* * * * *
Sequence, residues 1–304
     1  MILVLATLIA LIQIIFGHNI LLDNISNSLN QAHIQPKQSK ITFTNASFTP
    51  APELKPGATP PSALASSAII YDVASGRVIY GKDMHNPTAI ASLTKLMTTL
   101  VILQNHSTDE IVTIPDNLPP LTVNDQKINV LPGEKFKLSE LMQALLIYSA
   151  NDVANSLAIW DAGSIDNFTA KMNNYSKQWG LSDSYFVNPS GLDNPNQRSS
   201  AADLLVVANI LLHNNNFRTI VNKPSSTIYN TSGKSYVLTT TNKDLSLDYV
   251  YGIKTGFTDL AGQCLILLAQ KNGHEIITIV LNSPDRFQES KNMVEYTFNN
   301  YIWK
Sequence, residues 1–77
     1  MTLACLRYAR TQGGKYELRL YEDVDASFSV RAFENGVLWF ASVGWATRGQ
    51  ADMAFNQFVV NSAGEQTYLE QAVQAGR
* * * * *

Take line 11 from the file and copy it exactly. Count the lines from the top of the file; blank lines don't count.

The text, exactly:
    51  ADMAFNQFVV NSAGEQTYLE QAVQAGR